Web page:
From Leo's Notes
Last edited on 3 January 2022, at 06:17.

XFS is a high performance filesystem.


Description Command Example
Create a XFS filesystem mkfs.xfs $device mkfs.xfs /dev/sda1
Check XFS filesystem xfs_check $device xfs_check /
Defragment a XFS filesystem xfs_fsr xfs_fsr /
Resize a XFS filesystem xfs_growfs $mount xfs_growfs /
Creates a XFS filesystem dump into a file xfsdump xfsdump -l 0 -f /backup-home.data /dev/mapper/vg_lv
Restore a XFS filesystem from a dump xfsrestore xfsrestore -f /backup-home.data /dev/mapper/vg_lv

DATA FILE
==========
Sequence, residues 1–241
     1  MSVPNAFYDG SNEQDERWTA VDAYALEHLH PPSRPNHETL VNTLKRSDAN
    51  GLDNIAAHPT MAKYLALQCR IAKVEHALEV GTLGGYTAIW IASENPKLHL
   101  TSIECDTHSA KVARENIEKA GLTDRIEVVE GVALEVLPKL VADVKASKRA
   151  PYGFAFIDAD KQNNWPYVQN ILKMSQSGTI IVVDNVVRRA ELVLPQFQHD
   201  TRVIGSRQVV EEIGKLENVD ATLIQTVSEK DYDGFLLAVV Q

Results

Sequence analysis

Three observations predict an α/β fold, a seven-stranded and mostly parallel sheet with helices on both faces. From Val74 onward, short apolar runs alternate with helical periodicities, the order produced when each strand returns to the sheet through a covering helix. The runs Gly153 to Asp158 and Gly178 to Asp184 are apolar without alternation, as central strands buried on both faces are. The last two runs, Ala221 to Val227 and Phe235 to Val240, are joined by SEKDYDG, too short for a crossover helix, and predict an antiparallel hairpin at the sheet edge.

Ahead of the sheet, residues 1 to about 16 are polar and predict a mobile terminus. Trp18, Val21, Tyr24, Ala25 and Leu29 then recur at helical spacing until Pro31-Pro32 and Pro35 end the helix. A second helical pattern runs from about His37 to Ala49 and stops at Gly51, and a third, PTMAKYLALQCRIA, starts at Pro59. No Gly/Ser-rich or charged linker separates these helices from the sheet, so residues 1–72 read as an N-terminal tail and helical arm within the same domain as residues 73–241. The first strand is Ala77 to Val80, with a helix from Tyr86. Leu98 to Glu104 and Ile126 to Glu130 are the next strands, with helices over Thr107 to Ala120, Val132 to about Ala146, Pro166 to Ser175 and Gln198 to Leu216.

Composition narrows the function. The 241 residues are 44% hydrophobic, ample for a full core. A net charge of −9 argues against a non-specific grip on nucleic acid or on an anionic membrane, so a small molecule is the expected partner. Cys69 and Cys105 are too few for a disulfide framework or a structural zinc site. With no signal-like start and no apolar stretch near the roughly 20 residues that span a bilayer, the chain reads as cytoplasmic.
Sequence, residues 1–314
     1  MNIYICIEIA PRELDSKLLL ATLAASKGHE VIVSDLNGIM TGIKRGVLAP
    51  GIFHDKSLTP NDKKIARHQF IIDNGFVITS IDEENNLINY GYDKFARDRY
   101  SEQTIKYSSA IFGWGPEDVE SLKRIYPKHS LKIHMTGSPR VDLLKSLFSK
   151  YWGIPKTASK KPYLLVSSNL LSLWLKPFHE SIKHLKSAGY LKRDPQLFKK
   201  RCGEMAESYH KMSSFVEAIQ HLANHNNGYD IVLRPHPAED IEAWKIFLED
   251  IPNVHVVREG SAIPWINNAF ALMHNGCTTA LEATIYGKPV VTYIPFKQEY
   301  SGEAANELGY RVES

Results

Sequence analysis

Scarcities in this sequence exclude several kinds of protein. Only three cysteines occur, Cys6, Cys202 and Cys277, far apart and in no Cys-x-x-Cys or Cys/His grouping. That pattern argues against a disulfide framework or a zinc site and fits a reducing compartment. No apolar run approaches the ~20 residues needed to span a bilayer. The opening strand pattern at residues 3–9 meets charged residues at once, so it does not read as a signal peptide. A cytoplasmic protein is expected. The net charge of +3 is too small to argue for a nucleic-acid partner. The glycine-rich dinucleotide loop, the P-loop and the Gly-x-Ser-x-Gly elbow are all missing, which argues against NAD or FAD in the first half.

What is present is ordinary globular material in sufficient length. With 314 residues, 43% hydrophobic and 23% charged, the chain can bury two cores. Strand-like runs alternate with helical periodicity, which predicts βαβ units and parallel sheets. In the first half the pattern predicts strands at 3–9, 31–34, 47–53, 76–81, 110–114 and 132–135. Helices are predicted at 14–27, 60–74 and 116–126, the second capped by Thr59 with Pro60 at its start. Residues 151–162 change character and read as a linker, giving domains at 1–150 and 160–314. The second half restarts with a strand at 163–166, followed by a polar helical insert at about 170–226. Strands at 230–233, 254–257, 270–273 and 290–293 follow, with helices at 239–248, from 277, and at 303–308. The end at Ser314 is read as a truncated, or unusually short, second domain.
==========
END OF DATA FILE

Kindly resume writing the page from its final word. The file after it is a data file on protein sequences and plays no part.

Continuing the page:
Growing a filesystem

Use xfs_growfs to expand a XFS filesystem to its maximum size of its underlying partition or device. This can be done while the filesystem is online.

# resize2fs /dev/mapper/cl_hpcmonitor-metrics
resize2fs 1.45.4 (23-Sep-2019)
Filesystem at /dev/mapper/cl_hpcmonitor-metrics is mounted on /var/metrics; on-line resizing required
old_desc_blocks = 83, new_desc_blocks = 89
The filesystem on /dev/mapper/cl_hpcmonitor-metrics is now 186122240 (4k) blocks long.

Shrinking a filesystem

You can't. You need to destroy and recreate the filesystem. You can use xfsdump and xfsrestore to help with this.

See also